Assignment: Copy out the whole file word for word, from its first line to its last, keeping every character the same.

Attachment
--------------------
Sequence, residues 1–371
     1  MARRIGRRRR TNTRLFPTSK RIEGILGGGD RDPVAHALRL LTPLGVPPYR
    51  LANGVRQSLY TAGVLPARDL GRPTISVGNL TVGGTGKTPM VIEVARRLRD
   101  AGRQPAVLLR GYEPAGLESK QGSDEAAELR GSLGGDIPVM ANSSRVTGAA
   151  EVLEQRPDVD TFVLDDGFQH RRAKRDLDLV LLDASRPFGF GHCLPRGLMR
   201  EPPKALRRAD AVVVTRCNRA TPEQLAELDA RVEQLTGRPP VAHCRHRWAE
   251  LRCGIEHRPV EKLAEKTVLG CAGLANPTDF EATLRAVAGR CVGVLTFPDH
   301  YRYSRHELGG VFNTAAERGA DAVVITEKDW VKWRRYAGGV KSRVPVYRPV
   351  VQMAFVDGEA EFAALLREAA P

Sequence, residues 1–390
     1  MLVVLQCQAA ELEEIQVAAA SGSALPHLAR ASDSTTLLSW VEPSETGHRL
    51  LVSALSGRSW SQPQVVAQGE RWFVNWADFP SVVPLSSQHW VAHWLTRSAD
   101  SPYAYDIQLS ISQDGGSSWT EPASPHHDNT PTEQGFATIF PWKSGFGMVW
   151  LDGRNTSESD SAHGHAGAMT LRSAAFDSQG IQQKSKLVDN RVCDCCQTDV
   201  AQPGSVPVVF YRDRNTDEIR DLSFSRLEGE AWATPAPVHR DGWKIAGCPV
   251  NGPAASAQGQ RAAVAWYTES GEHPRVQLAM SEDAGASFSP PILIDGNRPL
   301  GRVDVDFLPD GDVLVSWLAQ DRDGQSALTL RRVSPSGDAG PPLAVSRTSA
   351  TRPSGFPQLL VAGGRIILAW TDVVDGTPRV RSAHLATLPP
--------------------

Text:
Sequence, residues 1–371
     1  MARRIGRRRR TNTRLFPTSK RIEGILGGGD RDPVAHALRL LTPLGVPPYR
    51  LANGVRQSLY TAGVLPARDL GRPTISVGNL TVGGTGKTPM VIEVARRLRD
   101  AGRQPAVLLR GYEPAGLESK QGSDEAAELR GSLGGDIPVM ANSSRVTGAA
   151  EVLEQRPDVD TFVLDDGFQH RRAKRDLDLV LLDASRPFGF GHCLPRGLMR
   201  EPPKALRRAD AVVVTRCNRA TPEQLAELDA RVEQLTGRPP VAHCRHRWAE
   251  LRCGIEHRPV EKLAEKTVLG CAGLANPTDF EATLRAVAGR CVGVLTFPDH
   301  YRYSRHELGG VFNTAAERGA DAVVITEKDW VKWRRYAGGV KSRVPVYRPV
   351  VQMAFVDGEA EFAALLREAA P

Sequence, residues 1–390
     1  MLVVLQCQAA ELEEIQVAAA SGSALPHLAR ASDSTTLLSW VEPSETGHRL
    51  LVSALSGRSW SQPQVVAQGE RWFVNWADFP SVVPLSSQHW VAHWLTRSAD
   101  SPYAYDIQLS ISQDGGSSWT EPASPHHDNT PTEQGFATIF PWKSGFGMVW
   151  LDGRNTSESD SAHGHAGAMT LRSAAFDSQG IQQKSKLVDN RVCDCCQTDV
   201  AQPGSVPVVF YRDRNTDEIR DLSFSRLEGE AWATPAPVHR DGWKIAGCPV
   251  NGPAASAQGQ RAAVAWYTES GEHPRVQLAM SEDAGASFSP PILIDGNRPL
   301  GRVDVDFLPD GDVLVSWLAQ DRDGQSALTL RRVSPSGDAG PPLAVSRTSA
   351  TRPSGFPQLL VAGGRIILAW TDVVDGTPRV RSAHLATLPP